Philippine lizards of the family Gekkonidae comprise 49 species (Taylor, 1915, 1922; Brown and Alcala, 1978) in 10 genera: Gehyra (1), Gekko (13), Hemidactylus (5), Hemiphyllodactylus (2), Lepidodactylus (6), Luperosaurus (8), Ptychozoon (1), Pseudogekko (4), and Cyrtodactylus (9), (Brown et al., 2007, 2010a, 2011; Welton et al., 2009, 2010a, 2010b; Zug, 2011). An amazing percentage of these species are endemic to the Philippines archipelago (roughly 85%; Brown et al., 2011). Several of the recently described gekkonids in the Philippines were discovered only recently as part of ongoing surveys around the archipelago. Recent phylogenetic studies focused on Philippine gekkonids (Siler et al., 2010; Welton et al., 2010a,b) have resulted in the observation of high levels of genetic diversity among populations of widespread species, an indication that the country's gecko diversity may still be greatly underestimated.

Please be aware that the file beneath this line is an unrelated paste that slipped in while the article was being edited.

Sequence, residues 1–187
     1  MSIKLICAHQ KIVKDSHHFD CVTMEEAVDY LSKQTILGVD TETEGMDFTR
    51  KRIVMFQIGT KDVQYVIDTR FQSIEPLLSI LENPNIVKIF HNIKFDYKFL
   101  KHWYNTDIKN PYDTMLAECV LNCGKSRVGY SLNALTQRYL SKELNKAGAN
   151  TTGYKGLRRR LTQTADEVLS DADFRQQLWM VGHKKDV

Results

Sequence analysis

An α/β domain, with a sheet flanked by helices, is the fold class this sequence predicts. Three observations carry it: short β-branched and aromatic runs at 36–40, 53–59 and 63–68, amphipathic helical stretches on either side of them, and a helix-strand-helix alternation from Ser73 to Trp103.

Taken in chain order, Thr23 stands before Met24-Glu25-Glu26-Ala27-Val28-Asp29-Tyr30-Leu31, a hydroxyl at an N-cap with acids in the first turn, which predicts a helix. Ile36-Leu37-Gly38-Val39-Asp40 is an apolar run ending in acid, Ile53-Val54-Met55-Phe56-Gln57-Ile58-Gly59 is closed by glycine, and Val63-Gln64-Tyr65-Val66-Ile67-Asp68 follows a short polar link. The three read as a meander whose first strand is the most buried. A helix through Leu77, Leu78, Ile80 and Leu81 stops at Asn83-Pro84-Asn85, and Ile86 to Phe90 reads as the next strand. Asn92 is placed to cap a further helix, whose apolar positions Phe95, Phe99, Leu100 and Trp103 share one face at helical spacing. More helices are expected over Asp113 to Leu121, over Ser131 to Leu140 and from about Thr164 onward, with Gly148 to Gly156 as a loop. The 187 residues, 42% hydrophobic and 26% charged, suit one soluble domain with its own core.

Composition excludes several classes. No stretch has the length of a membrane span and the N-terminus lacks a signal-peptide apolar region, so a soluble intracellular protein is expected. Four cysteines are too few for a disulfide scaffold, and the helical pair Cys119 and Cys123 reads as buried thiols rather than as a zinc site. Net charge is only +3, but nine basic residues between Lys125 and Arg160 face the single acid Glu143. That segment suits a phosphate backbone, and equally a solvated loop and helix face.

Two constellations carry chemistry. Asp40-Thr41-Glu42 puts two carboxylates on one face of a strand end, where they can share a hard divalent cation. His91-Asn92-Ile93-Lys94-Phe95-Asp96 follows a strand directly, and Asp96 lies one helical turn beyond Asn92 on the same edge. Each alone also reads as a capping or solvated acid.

The genus Pseudogekko presently contains four species, all endemic to the Philippine islands (Pseudogekkobrevipes, Pseudogekkocompressicorpus, Pseudogekkosmaragdinus, Pseudogekkointermedium). Species in this genus are easily diagnosed from all other Philippine gecko species due to their long, slender, delicate body forms. All species appear to prefer arboreal habitats and are often found on leaves of saplings, trees, or aerial ferns. Specimens of most species remain rare in collections. Body coloration is quite variable both between species and between island populations within species, with Pseudogekko smaragdinustaking the prize for the most brilliant color pattern (neon yellow to green body). Although the diversity in the genus is currently recognized to be low, it is quite possible that widespread species are actually complexes of morphologically similar but distinct lineages.